More than 10% of Americans take an antidepressant at some point. These drugs can help reduce symptoms of depression and even save the lives of people who consider suicide. Weight gain is one of the most common effects of taking certain antidepressants, particularly selective serotonin reputake inhibitors (SSRIs). This can be a major deterrent to people experiencing depression who are also concerned about their weight.
According to the Centers for Disease Control (CDC), 35% of Americans are obese, so weight gain can be a real health concern for people experiencing depression. A new study aims to put the minds of those with depression at ease by showing that the average weight gain on antidepressants is minimal.
Researchers wanted to get a better handle on how much weight antidepressant users could expect to gain. They examined the electronic health records of 19,000 adults who experience depression between 1990 and 2011. Each patient had taken one of a group of 11 commonly prescribed antidepressants for at least three months. To control for the effects of antidepressants, researchers also looked at the health data of 3,400 others who had taken a variety of other medications, but who had not taken antidepressants. The researchers then evaluated weight fluctuations in the patients for one year.
They found that the weight gain was minimal, averaging only one to two pounds over a year—a number that would not make a difference in a person’s appearance, and that might not even be noticed on the scale. Among the study’s subjects, young men were more likely to gain weight, as were people who had a low body mass index when they began taking antidepressants.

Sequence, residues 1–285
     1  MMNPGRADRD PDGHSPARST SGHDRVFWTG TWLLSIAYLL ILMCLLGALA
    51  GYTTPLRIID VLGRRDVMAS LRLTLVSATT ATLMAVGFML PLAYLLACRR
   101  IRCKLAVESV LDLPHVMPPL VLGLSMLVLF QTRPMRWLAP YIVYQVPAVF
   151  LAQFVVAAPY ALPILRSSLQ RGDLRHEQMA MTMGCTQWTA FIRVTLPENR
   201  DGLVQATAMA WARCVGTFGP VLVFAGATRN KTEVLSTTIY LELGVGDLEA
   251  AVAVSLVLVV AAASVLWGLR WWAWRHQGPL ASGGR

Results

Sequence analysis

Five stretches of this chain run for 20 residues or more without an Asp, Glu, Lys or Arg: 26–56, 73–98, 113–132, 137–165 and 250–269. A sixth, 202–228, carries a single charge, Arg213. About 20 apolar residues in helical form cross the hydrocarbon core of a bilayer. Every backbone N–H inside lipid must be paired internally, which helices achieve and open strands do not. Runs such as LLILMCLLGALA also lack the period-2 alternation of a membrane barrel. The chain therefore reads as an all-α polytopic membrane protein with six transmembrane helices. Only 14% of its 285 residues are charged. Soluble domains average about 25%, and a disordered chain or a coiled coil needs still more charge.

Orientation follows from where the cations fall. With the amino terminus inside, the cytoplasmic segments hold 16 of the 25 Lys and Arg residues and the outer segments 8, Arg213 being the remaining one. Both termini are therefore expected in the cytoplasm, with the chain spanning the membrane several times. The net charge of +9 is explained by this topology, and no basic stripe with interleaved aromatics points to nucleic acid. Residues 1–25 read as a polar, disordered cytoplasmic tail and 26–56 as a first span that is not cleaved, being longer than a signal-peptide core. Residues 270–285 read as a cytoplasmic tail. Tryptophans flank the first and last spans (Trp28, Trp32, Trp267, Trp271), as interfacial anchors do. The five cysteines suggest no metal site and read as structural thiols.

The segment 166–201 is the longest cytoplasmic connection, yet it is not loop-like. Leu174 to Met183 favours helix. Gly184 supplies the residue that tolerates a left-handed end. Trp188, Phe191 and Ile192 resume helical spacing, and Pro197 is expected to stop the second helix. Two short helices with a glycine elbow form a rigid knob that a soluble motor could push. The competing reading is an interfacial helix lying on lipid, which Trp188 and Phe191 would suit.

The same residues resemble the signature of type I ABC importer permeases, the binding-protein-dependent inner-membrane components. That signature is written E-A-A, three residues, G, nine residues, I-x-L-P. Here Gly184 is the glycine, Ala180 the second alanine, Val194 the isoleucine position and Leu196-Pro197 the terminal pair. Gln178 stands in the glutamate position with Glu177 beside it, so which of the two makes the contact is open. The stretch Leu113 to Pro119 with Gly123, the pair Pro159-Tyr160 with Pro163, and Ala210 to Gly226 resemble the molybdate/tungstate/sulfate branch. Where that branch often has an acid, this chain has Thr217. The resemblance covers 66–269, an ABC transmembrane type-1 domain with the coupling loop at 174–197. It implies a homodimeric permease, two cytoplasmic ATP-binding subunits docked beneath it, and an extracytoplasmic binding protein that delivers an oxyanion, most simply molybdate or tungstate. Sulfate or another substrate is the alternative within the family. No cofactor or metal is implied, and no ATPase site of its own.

Some antidepressants resulted in more weight gain than others. Celexa, an SSRI, promoted higher weight gain than other drugs. Sensoval, Elavil, and Wellbutrin—all non-SSRI medications—promoted less weight gain, suggesting that people concerned about gaining weight might be better served by these drugs. The researchers, however, emphasize that the weight gain on antidepressants is so minimal that most people who take antidepressants won’t notice a significant difference in weight, even if they take a drug associated with greater weight gain.
- Hall-Flavin, D. K., M.D. (n.d.). Can antidepressants cause weight gain? Retrieved from http://www.mayoclinic.org/diseases-conditions/depression/expert-answers/antidepressants-and-weight-gain/faq-20058127
- Weight gain from antidepressants is minimal, study suggests. (2014, June 5). Retrieved from http://health.usnews.com/health-news/articles/2014/06/05/weight-gain-from-antidepressants-is-minimal-study-suggests
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